93: The Train

93: The Train

From Chicken Soup for the Soul: It's Christmas!

The Train

Just because everything is different doesn’t mean anything has changed.

~Irene Peter

As I raced for the Christmas presents under the tree, Dad spun me around and tugged me into the dining room. “Nope. This way, buddy!” On the table a shiny 1957 Santa Fe “O” gauge Lionel train clicked around an oval track. Dad sat close to teach me how to blow the horn, accelerate, stop, uncouple cars, and reverse. A barrel loader vibrated wood barrels up a ramp and dumped them in a gondola car, and a horse car vibrated black rubber horses out a door, down a ramp and into a corral where they moved through chutes, and then back into the horse car. It was the beginning of an empire, one larger and more wonderful than I could possibly have imagined at the time.

With my newspaper delivery earnings, I bought a model of a station and a set of fake trees. For my birthday I asked for a new boxcar and a bag of figurines to inhabit my town. I waited anxiously for Christmas so I could try them out. The second Christmas, Mom had me set up around the tree so she could have the table for holiday dinners. That meant bumping Dad’s old train from its place of honor ringing the tree. His was a giant train from the 1930s, each car eight inches high and a foot long, but it showered sparks, and Dad was afraid they’d set the tree needles on fire, so he retired it to the attic, and gave me his train’s oversized metal tunnel, bridge and signal towers.

When we moved, I set my train on an old table in the basement. I painted in roads, lawns, and a lake, and the train stayed up year-round. But when the town was complete, I lost interest. Perhaps, like Christmas or birthdays, once a year is more exciting. I was also a teenager with better things to do — high school girls aren’t impressed with Lionel trains. Eventually I packed the set away.

The family changed. My grandparents died, I moved away for a career, married and started a family. Dad died too. But with children, it didn’t seem right to have Christmas without the clickety-click and whistle of a train. I dug the set out of Mom’s basement closet and set it up around the tree for my daughter. Cindy was only three, but I taught her what my father taught me. Not too fast around the curves, go slow through the tunnel and over the bridge until you’re sure nothing hits. As I whispered in her ear, I could hear Dad once again whispering in mine.

But it wasn’t the same. For one thing, Cindy didn’t want the plastic engineer on the caboose where he’d always ridden. She insisted on having that place taken by a squiggly, rubber crab she’d gotten on a beach vacation. “Crabbie” had to sit with its legs shaking atop the caboose. To her the train was primarily Crabbie’s taxi. For another thing, I had cats. Our big orange male, Pow-wow, lay atop my dad’s huge tunnel to whack the train as it emerged, the children shrieking with delight. Once he charged into the tunnel as the train entered from the other end and a snarling, thunking rumble ensued. I.Q.-challenged Tulip followed the caboose cautiously, not aware that the engine would sneak up behind her. It goosed her, sending her yowling and clawing up the tree. Eventually these and other cats passed away too, but their stories as well as my own memories of Dad popped out of the train boxes each December.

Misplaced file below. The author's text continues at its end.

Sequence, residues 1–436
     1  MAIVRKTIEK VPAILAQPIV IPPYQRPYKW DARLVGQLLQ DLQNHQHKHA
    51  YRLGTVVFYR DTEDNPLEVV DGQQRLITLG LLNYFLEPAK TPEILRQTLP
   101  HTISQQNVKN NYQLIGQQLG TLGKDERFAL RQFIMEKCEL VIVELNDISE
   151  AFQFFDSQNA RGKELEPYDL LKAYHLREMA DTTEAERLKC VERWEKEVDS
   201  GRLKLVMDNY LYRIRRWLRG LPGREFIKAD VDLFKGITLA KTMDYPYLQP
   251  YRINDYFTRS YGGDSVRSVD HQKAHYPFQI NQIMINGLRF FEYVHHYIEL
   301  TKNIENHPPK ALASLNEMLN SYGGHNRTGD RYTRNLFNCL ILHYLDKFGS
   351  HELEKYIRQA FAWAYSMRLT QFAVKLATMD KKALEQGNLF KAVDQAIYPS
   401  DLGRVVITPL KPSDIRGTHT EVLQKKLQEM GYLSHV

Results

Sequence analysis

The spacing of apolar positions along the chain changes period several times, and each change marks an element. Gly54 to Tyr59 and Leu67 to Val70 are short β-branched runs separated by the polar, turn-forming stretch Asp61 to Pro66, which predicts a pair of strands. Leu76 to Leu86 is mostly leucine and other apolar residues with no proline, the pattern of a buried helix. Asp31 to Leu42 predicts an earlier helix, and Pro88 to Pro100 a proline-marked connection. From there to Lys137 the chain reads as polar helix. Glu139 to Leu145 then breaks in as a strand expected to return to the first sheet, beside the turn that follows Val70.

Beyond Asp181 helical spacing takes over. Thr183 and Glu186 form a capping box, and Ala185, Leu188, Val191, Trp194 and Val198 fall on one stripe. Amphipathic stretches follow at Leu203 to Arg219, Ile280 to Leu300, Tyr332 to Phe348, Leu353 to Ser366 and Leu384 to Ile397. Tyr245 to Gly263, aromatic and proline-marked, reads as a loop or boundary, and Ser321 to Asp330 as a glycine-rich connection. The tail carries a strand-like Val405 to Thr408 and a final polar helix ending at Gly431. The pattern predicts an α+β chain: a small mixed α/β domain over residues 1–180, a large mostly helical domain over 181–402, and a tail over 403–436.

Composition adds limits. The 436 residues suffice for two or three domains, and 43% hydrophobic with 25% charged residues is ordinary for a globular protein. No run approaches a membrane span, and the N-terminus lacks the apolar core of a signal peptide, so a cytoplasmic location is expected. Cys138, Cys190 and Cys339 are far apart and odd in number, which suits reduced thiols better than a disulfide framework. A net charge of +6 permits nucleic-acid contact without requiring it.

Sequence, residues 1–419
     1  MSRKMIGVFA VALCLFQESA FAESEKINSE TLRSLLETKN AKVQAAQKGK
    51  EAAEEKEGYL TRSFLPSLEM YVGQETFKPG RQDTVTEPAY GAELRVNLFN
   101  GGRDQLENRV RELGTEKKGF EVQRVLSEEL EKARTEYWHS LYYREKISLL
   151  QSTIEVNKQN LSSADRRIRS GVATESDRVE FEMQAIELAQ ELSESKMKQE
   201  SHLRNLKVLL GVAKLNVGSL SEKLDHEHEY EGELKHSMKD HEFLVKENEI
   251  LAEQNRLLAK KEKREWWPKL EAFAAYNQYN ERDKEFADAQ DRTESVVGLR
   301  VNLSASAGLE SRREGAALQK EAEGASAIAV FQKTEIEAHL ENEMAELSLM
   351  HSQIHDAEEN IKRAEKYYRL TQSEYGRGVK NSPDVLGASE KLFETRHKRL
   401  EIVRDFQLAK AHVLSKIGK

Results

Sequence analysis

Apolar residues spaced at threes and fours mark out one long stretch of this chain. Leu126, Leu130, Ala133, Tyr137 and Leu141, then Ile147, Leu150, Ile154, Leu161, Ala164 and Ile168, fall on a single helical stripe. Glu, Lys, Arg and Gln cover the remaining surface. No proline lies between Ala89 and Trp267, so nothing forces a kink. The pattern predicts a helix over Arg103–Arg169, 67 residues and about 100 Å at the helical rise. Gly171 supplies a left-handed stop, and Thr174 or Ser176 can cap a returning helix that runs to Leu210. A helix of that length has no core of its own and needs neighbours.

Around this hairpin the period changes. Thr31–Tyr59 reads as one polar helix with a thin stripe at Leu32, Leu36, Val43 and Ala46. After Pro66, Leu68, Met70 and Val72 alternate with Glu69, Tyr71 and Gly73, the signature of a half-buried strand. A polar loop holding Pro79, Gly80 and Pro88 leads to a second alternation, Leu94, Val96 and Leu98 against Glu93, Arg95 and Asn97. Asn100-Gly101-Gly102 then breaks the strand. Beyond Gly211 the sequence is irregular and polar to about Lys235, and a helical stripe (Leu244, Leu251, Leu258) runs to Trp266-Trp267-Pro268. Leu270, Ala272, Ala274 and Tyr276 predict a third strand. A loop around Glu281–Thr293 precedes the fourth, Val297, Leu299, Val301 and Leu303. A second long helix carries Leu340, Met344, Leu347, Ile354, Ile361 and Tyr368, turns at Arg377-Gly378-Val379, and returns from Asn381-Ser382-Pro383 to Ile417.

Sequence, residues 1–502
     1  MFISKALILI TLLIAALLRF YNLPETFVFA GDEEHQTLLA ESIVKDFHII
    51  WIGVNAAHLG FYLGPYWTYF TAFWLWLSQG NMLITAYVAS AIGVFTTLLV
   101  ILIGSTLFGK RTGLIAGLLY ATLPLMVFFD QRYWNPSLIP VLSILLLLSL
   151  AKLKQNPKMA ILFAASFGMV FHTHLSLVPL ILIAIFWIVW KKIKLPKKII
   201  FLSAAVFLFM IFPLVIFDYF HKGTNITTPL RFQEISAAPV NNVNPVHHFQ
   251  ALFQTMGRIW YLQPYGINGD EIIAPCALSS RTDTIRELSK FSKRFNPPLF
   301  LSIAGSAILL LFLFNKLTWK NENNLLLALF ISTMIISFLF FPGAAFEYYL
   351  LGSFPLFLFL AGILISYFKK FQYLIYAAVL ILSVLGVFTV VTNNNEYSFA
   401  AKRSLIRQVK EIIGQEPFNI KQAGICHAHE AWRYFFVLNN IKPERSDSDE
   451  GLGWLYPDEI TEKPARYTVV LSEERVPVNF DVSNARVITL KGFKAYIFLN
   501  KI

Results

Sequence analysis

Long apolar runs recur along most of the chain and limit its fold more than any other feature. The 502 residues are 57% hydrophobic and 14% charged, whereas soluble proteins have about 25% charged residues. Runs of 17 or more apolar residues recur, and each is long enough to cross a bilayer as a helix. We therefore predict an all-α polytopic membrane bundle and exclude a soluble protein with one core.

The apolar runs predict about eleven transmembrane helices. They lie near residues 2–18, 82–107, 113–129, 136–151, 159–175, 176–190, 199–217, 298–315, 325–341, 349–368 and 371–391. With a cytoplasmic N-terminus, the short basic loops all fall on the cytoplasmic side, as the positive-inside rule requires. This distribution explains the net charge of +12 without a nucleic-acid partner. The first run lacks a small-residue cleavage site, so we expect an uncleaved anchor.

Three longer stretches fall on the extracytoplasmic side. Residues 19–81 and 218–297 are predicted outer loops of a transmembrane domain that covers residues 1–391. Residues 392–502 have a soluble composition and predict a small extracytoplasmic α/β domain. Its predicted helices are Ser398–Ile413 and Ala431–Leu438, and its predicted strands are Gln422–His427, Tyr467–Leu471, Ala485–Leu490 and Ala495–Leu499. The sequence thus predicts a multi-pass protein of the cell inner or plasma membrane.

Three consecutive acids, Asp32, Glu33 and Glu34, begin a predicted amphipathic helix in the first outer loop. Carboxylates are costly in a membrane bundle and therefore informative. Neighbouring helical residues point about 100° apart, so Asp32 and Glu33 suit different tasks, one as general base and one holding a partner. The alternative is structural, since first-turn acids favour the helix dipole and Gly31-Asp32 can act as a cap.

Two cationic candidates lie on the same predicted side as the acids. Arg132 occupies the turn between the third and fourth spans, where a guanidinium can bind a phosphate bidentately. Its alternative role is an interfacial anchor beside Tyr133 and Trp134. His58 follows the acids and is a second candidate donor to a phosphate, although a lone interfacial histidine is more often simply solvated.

Our new kittens’ characters were judged by how they reacted to the train. And three more children learned to take the throttle. Each ran the train at least once every Christmas. Even as teenagers, the three girls took a slightly embarrassed turn, but if I suggested not setting it up, there were always groans. “You have to, Dad!” The clickety-click, smell of oil and the nasal horn were as much a part of Christmas as sugar cookies and elves. Over the years our children threw things into the train box — Jeremy’s baseball players mingled with my firemen and my dad’s old Dick Tracy figurine. Somebody tossed in a few monsters and metal Monopoly tokens that had to be set up on the station platform. All the mismatched stuff belonged, and everyone grabbed for special items when the train boxes emerged. To Cindy’s disappointment, Crabbie disappeared, but ten years later it was rediscovered inside a boxcar. You’d think the prodigal son had returned.

Four spouses and five grandchildren now swell our holiday gatherings. All — even two-year-old Silas, with his parents whispering instructions — take a turn at the throttle and make the barrels and rubber horses inch along. Everybody learns to fiddle with the horse car door to prevent the horses from jamming up, and everybody learns that tinsel across the track is one of the dozen reasons the train won’t run. Lately, we added an electronic crossing gate and threw away a freight station that had been broken, glued, and taped so often it could no longer stand upright, but no matter how the train set grows or crumbles, it’s always complete, just like us.

The engine has lost power despite several tune-ups, much as its chief conductor has. The old horn is hoarse, and one coupler doesn’t hold the way it should, so the kid driving watches carefully so as not to ram a decoupled car from behind.

There’s still magic when the train appears each year. Just as each holiday the family magically assembles from four states to welcome a new baby or measure each other’s growth or wrinkles. We pile presents away from the tree now because the train and its village need all the underneath space. We fit the tracks together, add new cars to the old, plug it in and feel that the world is just fine when the old Santa Fe engine pulls the cars around the track and that familiar clickety-click mingles with the adults’ talk and children’s giggles. It’s not just plastic and metal, but the train of our lives that clicks around the track.

~Garrett Bauman

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